In 1960, the performance specifications were completed. The 406 was still supposed to be an agricultural and forestry vehicle and tractor but have a greater wheelbase, a higher top speed, the downbent frame of the Unimog 404 and a stronger engine. Three cabs were planned: The Cabrio cab, a closed cab and a closed double cab. The initial engine concept favoured the direct-injected four-cylinder, diesel engine OM 314 with 54 PS (40 kW). Since Heinrich Rosler, the leader of the Unimog development did not want this engine, it was decided to use the, also direct injected, six-cylinder OM 352 instead. New tyres had to be developed by Dunlop and Continental, also, the Unimog 406 needed a new hydraulics system for auxiliary devices and a new drivetrain with new axles and a new gearbox for the increased engine power. Several new 1,000 Mp (9,807 kN) sheet panel presses had to be installed in the plant in Gaggenau for producing the closed cabs.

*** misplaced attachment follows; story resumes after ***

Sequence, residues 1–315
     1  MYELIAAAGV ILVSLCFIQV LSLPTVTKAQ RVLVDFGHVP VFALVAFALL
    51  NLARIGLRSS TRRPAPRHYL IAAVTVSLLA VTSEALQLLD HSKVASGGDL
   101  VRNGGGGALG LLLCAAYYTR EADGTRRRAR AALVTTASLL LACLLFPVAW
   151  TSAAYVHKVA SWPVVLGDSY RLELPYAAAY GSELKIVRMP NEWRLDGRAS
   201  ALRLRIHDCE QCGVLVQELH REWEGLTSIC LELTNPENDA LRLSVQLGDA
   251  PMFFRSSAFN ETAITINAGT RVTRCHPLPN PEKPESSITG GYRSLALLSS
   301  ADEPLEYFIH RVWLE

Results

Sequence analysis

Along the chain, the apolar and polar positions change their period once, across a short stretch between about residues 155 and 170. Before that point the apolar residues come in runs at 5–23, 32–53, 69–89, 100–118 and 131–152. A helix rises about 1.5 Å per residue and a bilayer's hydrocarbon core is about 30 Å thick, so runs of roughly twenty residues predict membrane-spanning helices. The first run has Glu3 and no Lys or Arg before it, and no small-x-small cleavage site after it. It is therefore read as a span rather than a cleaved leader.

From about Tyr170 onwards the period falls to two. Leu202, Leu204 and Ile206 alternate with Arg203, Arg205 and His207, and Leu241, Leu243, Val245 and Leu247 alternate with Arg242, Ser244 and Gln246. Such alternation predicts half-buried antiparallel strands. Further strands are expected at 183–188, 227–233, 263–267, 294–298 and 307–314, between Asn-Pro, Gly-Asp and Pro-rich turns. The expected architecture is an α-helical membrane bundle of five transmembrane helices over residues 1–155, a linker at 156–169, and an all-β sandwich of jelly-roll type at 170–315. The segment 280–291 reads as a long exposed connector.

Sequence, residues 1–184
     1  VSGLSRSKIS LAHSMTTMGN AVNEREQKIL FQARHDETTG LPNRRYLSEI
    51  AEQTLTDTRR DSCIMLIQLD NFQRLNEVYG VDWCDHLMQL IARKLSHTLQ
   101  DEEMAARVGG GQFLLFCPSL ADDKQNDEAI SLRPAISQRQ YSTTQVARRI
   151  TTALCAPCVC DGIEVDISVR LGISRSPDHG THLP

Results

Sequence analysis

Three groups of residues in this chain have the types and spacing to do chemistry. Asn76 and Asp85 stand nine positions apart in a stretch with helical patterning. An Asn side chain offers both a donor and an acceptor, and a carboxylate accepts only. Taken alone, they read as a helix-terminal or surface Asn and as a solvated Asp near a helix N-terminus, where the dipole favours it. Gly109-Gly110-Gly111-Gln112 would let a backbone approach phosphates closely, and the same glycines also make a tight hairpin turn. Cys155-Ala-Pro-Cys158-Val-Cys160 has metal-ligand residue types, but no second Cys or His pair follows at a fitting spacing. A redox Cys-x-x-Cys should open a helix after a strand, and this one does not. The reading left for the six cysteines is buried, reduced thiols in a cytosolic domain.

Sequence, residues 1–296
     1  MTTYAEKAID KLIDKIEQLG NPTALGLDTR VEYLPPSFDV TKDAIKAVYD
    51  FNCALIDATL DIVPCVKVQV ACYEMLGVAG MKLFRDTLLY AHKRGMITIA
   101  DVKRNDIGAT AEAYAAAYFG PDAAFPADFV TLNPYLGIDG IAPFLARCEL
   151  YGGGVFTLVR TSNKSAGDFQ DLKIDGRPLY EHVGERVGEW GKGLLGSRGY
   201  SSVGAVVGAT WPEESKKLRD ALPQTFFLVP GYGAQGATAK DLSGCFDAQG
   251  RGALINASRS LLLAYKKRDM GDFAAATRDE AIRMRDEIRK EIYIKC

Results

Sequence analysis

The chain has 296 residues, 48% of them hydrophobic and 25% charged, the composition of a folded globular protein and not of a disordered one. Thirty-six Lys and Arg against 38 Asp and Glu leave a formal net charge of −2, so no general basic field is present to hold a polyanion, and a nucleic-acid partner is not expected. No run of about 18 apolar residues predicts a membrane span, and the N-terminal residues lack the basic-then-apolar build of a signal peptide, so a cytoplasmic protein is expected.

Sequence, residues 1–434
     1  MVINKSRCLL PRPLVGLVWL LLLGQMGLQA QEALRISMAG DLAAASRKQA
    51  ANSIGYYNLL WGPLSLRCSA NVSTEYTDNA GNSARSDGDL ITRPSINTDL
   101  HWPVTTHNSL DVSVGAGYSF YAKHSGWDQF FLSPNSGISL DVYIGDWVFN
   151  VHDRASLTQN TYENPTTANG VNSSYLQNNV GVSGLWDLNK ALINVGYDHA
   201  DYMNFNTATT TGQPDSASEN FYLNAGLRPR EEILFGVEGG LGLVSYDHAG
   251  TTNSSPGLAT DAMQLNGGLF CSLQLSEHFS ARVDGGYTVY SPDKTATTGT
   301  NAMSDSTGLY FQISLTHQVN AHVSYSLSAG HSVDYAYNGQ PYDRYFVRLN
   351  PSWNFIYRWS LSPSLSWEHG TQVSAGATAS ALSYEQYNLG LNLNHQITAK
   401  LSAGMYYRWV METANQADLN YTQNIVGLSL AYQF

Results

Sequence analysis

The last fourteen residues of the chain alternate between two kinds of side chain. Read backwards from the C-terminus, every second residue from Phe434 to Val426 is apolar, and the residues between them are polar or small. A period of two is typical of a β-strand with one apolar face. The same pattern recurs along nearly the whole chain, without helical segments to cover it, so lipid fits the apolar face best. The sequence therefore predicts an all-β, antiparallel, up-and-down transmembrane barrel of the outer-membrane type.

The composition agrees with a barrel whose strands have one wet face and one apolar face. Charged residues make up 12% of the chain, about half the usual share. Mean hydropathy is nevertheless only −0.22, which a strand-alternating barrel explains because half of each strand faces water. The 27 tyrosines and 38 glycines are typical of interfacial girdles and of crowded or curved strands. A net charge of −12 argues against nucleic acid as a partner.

The first prototypes were tested in 1961, prototype 1 was a disguised prototype vehicle lacking the Mercedes-Benz and Unimog emblems with a slightly different cab and the bumper of the Unimog 404, prototype 2 already had the cab of the series production model with emblems but still had the Unimog 404 bumper. The final presentation of the Unimog 406 was at the German Agricultural Society (DLG)-exhibition in Munich 1962, led by the Daimler-Benz board of directors. In the run-up to the presentation on 20 May 1962 a lot of minor Unimog changes and improvements as well as improvisations were made. Daimler-Benz split the truck production in Gaggenau in 1963; while the truck and lorry production was moved to the new Daimler-Benz plant in Worth, the Unimog production stayed in Gaggenau. More production capacity could be used for the new Unimog 406. In 1963, 800 Unimog 406 were produced, the first 100 of them being pre-series production models.